Still Waiting in Goedverwacht

by Nick Hamer, Researcher and Project Manager, Environmental Monitoring Group, Cape Town

Historical Background

Goedverwacht is a Moravian mission settlement in the Western Cape, approximately 100 km north of Cape Town, situated near Piketberg in the Bergrivier municipality. Developed from a cattle farm established by Dutch settlers in 1810, and bought for 750 pounds by Moravian missionaries in 1889 to house the Goedverwacht Moravian Mission Settlement, the settlement’s colonial history continues to haunt the present day. The Moravian Church began to evangelise in the Cape in the mid-18th century, with George Schmidt establishing the first mission station in 1738 at Genadendal. He was ignominiously sent back to Germany due to the controversy the mission provoked with the colonial authorities.
On the one hand the Moravian Church’s evangelising was controversial to Church authorities as they were among those whose doctrine welcomed all people into Christianity, and they provided some relief from the attacks of colonial and apartheid authorities by avoiding forced removals and evictions in mission stations. This contravened the racist ideology of the colonial settler authorities who ignored Khoi people’s humanity as a pretext for justifying land grabs, slavery and genocidal campaigns. On the other hand, however, Moravians bought into the hierarchical, colonial and paternalistic mindset necessary for evangelical zeal and the advancement of conservative and Eurocentric doctrine.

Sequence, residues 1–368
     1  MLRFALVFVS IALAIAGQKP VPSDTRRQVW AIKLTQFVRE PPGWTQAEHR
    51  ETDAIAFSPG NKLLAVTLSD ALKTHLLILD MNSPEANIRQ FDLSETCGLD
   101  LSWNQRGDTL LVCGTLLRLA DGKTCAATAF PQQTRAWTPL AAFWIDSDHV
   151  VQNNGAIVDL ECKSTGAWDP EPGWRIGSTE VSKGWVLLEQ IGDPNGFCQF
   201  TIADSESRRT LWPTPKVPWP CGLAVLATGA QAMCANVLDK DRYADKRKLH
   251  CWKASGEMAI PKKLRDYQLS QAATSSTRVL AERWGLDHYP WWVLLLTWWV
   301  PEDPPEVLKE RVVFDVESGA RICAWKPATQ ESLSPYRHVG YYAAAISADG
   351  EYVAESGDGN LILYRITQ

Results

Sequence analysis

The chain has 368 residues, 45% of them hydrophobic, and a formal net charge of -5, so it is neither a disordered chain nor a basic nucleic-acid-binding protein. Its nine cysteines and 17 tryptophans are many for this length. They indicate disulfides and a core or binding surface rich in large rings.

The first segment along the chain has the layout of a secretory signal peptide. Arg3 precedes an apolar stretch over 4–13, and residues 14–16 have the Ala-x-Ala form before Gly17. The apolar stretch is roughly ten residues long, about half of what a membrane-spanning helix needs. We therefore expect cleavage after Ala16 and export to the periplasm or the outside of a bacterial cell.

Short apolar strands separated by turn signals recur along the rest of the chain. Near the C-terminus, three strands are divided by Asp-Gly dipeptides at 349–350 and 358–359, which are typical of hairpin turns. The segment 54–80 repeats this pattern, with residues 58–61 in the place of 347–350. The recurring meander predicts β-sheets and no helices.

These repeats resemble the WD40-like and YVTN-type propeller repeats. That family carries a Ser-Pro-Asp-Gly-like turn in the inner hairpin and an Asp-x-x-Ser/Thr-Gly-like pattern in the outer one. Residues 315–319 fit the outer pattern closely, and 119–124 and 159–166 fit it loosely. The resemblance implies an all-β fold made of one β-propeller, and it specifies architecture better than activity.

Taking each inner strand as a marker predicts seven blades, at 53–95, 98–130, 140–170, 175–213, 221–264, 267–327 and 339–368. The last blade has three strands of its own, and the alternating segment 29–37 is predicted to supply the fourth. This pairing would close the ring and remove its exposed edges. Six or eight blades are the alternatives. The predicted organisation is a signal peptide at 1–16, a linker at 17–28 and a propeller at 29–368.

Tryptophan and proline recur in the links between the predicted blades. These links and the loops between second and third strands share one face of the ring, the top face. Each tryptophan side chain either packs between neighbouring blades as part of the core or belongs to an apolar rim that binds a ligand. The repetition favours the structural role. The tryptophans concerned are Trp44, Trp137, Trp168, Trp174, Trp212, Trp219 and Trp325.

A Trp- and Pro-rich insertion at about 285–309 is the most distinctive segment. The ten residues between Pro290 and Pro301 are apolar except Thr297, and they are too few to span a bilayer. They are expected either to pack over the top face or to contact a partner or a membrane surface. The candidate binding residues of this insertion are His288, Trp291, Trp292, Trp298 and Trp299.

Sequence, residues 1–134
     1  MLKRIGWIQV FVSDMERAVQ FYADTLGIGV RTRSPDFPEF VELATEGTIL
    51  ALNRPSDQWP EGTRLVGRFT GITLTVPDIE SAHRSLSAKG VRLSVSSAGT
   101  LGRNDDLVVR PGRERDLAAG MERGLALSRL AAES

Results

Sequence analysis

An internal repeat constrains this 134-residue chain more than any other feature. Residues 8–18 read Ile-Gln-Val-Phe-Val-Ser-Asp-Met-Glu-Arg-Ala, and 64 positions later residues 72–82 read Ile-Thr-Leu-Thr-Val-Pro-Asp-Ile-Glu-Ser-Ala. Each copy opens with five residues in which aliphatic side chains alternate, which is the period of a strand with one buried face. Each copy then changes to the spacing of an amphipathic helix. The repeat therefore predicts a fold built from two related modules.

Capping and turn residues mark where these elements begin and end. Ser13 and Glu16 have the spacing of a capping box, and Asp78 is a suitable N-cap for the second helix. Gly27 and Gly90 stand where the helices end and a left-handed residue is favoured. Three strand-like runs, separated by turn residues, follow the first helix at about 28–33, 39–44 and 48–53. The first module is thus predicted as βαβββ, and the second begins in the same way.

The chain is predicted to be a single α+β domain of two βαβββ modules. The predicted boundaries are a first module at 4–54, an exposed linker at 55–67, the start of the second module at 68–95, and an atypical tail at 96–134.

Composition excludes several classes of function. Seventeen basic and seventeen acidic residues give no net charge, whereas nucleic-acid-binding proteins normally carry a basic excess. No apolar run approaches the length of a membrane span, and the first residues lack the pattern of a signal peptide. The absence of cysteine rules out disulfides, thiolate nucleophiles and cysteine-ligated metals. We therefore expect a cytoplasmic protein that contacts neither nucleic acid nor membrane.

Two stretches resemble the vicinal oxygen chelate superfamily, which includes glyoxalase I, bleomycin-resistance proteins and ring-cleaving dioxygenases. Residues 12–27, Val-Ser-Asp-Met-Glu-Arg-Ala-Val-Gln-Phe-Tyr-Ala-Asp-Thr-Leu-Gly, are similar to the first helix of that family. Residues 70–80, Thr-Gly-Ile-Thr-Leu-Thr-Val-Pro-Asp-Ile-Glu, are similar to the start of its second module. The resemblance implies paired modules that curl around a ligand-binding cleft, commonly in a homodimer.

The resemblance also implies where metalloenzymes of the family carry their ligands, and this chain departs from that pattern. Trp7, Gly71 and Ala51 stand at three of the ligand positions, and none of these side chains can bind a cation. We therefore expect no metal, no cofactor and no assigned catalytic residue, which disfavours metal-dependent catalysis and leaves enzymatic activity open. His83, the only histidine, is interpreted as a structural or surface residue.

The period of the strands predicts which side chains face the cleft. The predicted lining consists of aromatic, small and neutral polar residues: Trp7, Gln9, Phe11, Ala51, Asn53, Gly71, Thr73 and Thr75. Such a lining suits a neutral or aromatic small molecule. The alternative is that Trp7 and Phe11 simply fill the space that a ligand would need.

To this day the Church remains in tight control of the governance of mission settlements and is a central institution in Goedverwacht. Although many residents have abandoned the Church and feel deeply let down by its institutional representatives, others continue to see it as central to their identity and are upset when they perceive ‘our church’ as under attack.

Current Context and Recent History

Goedverwacht’s approximately 600 formal houses run along the Riet River valley and the settlement relies on the river for all its water needs. The domestic water supply system comes from a weir that diverts water along an asbestos pipe to 10 000 litre Jojo tanks and a small water treatment works, prior to the water being piped to households throughout the settlement. A new water treatment plant was installed in 2018 but has never been operational since Eskom cut off the electricity supply due to the non-payment of bills by the church authorities.

The domestic diversion weir was damaged by the collapse of a farm dam in 2021, restricting the flow of water to the tanks to a trickle. As a result, the approximately 2000 residents (3000 at weekends) have limited access to piped water, with water only running for 1 or 2 hours a day. For about the last decade, the community’s piped water has been unfit to drink, as confirmed by district municipal testing. 

The Environmental Monitoring Group (EMG) first began work with Goedverwacht 10 years ago, in a project that looked at the impact of climate change on water supplies. Back then we noted the community’s frustrations about water supply and their unhappiness about the role of the Moravian Church of South Africa, which has hampered community development initiatives, including, for example, when it initially refused to sign an agreement to set up a Working for Water Programme (WfWP).